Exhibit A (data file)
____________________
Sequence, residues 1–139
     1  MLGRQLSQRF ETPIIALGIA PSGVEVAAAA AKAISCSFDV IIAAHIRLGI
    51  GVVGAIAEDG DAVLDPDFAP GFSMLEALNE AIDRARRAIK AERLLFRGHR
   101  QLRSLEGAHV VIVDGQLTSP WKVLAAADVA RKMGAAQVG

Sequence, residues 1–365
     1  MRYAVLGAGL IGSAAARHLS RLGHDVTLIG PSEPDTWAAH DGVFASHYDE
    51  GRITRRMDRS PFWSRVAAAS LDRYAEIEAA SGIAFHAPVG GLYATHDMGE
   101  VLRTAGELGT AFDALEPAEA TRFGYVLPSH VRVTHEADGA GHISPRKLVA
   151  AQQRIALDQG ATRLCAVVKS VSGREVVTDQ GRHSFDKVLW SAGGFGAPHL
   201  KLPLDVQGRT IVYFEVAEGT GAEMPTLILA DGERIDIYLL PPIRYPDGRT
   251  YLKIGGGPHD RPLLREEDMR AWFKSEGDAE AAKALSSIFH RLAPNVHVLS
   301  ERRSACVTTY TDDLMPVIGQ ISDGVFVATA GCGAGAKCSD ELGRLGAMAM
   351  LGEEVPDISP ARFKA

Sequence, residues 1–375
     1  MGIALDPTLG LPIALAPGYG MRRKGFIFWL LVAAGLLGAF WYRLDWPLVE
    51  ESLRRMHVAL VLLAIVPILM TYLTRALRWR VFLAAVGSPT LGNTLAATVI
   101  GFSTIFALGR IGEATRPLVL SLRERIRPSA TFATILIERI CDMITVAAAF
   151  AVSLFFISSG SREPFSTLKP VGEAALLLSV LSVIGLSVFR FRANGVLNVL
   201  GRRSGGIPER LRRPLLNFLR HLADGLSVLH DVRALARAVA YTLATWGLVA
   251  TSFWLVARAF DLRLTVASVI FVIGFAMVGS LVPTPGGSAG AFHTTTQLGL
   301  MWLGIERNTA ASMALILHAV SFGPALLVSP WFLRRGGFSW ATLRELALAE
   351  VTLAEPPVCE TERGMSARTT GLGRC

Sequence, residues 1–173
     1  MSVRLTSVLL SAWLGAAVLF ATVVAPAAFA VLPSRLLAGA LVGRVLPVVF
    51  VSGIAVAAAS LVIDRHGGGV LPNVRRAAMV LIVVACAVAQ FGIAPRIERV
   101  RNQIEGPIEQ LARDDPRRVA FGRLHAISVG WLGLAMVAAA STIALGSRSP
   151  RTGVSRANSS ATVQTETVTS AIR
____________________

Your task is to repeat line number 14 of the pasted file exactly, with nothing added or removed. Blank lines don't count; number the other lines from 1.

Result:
Sequence, residues 1–375